The lifetime of a motorcycle helmet depends on various factors. Mostly it depends on the usage and the quality of the lid. However, whether you have heavy riding miles on the meter or a daily quick commute rider, a head-bucket does take some damage over time.
The approximate lifespan of a motorcycle helmet is usually 5-6 years. However, it heavily depends on the helmet’s age, quality, and usage over time. A helmet can last for years if maintained correctly; on the other hand, it becomes unsafe to use if it goes through an accident or any impact. Therefore, most manufacturers recommend replacing your helmet once in five years. Typically it’s called the five-year rule.
Here are about factors you need to know about the lifespan of a motorcycle helmet.
What Happens When You Wear an Expired Helmet
An expired helmet indicates a lid produced more than seven years ago or used for more than five years. An accident or impact can also make it unusable or unsafe or, in other words, ‘expired.’
Wearing an expired motorcycle lid is a risk to your safety, but also others on the street. If you wear an expired one, there is less protection for your head in case of an accident, as well as an increased risk of neck injuries.
Here’s a Youtube video about “How Helmets Work to Protect Your Brain” from Snell Memorial Foundation.
When to Replace Your Helmet
If the Shell or Liner has been Damaged
A motorcycle lid is a piece of safety equipment; you wear a helmet to be safe while riding. So, it’s pretty normal that a head protector can get hit or damaged in one or many ways. For example, it can be damaged by dropping, pressuring, and in the worst-case scenario, an accident.
So, if the outer shell or the inner liner of a lid is damaged somehow, it’s time to say goodbye to that and get a new one. Especially if the lid had faced an accident, it might not look from the outside, but the outer shell gets micro cracks if It gets hit.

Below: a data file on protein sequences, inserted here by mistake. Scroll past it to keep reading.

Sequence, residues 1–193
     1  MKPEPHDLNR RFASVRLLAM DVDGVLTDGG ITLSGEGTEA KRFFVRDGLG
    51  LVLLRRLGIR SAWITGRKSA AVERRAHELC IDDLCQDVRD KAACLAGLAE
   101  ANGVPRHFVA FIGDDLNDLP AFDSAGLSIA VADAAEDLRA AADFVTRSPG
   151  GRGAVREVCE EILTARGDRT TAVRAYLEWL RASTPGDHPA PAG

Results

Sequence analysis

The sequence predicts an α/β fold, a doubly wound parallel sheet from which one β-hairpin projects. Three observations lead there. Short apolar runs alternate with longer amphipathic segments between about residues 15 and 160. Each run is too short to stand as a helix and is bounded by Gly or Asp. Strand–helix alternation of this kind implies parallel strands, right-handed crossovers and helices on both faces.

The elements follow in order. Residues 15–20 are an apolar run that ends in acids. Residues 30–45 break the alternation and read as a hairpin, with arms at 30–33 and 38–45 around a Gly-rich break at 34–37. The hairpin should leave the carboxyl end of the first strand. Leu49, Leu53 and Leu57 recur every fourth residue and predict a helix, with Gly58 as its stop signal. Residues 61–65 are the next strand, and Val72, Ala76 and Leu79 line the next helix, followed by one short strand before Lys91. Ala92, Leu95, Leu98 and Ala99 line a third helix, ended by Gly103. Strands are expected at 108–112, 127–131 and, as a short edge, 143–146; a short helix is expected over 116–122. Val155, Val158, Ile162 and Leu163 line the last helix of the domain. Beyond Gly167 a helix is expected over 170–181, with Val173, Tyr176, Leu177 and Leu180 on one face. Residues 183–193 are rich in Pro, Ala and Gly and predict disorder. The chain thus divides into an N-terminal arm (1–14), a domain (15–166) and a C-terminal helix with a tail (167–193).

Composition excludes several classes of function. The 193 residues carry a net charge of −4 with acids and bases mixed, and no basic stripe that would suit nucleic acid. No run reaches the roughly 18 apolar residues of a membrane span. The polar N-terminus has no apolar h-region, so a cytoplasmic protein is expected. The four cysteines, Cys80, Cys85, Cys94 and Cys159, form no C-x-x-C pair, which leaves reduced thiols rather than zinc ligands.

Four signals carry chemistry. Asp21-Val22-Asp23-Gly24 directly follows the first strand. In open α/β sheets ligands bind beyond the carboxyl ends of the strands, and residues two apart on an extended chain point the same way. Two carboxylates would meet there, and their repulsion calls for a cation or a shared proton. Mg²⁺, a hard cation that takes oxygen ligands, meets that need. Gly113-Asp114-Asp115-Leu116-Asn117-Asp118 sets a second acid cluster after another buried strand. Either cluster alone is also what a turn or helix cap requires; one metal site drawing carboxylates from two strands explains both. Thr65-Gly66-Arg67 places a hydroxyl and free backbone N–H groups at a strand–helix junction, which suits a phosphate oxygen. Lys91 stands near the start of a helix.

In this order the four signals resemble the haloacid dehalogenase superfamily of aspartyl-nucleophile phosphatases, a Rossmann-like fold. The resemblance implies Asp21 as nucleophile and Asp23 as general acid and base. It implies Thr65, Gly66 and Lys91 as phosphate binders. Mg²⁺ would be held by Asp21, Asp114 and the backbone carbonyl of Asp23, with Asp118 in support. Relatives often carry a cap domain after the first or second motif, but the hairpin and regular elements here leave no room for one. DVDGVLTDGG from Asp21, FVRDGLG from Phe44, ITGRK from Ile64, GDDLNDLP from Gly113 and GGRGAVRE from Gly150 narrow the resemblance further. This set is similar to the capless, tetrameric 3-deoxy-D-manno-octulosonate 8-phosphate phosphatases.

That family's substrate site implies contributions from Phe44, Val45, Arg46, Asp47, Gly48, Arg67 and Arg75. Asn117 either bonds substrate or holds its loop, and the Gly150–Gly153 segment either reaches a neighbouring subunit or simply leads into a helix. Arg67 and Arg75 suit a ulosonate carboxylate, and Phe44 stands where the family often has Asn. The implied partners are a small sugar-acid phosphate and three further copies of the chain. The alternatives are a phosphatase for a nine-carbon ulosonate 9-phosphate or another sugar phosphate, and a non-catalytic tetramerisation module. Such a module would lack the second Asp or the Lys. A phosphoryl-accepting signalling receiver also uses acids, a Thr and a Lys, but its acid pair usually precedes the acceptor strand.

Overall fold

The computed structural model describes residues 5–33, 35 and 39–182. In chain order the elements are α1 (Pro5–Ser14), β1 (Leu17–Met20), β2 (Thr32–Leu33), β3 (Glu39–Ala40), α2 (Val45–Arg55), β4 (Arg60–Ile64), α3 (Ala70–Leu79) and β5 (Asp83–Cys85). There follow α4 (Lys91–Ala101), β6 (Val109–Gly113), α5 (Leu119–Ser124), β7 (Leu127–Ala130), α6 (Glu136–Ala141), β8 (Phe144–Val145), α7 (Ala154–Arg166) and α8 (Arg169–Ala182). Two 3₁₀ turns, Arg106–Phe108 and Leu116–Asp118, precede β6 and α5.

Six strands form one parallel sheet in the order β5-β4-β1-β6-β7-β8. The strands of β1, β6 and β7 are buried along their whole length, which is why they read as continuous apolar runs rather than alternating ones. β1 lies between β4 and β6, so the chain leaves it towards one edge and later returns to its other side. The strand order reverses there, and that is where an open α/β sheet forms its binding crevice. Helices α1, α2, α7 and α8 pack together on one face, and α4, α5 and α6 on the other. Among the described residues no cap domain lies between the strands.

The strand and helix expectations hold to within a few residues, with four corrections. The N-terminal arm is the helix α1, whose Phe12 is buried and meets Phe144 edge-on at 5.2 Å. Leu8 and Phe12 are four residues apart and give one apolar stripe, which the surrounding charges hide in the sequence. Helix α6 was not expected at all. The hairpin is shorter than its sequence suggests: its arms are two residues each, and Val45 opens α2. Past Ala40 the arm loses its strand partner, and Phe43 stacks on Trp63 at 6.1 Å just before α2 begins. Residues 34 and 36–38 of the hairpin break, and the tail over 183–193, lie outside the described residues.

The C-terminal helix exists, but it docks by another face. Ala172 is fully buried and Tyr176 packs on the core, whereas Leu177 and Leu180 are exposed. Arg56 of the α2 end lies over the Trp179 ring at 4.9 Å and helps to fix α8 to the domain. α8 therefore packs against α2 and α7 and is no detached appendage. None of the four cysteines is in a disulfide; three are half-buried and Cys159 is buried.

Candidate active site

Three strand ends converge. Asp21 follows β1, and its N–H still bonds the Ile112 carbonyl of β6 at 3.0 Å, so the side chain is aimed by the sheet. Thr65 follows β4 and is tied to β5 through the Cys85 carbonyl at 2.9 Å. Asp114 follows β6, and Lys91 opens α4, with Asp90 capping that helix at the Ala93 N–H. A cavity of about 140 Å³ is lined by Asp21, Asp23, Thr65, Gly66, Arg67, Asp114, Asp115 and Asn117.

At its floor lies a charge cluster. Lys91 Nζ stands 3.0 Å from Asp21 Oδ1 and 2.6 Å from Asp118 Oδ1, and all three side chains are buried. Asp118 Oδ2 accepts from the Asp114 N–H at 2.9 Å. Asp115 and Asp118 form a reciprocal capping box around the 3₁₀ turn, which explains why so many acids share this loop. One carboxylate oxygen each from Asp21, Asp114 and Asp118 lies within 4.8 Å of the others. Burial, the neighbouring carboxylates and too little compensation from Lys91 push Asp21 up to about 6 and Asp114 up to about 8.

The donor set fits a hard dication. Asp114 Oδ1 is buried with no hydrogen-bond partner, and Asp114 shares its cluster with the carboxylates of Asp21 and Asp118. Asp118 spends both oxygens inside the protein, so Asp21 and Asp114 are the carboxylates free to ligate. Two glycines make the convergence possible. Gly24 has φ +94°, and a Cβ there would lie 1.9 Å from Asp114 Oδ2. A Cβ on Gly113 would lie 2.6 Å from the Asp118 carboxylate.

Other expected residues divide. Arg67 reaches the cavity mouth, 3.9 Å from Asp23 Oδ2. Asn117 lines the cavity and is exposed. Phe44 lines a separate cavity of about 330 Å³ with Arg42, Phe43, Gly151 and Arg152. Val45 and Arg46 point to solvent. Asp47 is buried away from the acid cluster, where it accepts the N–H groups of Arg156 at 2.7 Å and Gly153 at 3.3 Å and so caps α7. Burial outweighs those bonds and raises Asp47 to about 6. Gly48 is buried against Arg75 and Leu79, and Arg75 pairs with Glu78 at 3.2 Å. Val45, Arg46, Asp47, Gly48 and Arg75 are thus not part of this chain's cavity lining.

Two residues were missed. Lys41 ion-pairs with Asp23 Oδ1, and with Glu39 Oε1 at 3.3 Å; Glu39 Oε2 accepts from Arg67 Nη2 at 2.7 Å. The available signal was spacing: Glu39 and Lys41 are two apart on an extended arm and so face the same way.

And, of course, wearing a broken or cracked helmet is like skating on thin ice.
If it Gets Old and Worn Out
Helmets also get old and retired over time; you need to replace them once they’ve served their duties and aged. The padding of a fairly used helmet for five or more years can shrink or deform, and the thickness can become up to half the size it was.
As I mentioned earlier, most makers and safety organizations recommend replacing a helmet in five years. Here’s a post from Shoei about maintenance and helmet replacement; check that out if you want to know it from the makers themselves.
If there’s no way saving your old head bucket, it’s time to get a new one. But, first, check out our top recommendation in the ‘10 Best Low Profile Full Face Motorcycle Helmet‘ blog post; you can find some great lids there.
A Few Tips on How to Care for Your New Motorcycle Helmet so That it Lasts Longer
- Keep your helmet clean.
- Store it in a cool, dry place that is not in contact with direct sunlight
- Be careful with what you put on or near your helmet – avoid storing it next to anything sharp or hot (i.e., ovens)
- Be extra cautious not to dent or scratch it
- Replace any broken parts as soon as possible so they don’t cause more damage to the rest of the helmet later on down the line.
- Avoid wearing any headgear that isn’t designed for motorcycle riding – they can damage the surface.
Also, there are a whole bunch of motorcycle helmet maintenance tips and blog posts on our website. That includes ‘How to Clean Bike Helmets,’ be sure to check them out to make your head protector last longer.
Helmets are top protective gears; they protect your head from the rockhard asphalt in case of an accident. But, unfortunately, like any other equipment, they are also worn out or get damaged over time. And if that happens, it’s better to let the old one go and get a new one for your road safety.
Now that you know how to find out if the helmet you are using is still good enough or not and when to replace them. And, you are looking for a new motorcycle helmet, you can check our best motorcycle helmet post I hope you’ll find the solution to the problem you are looking for, Good Day!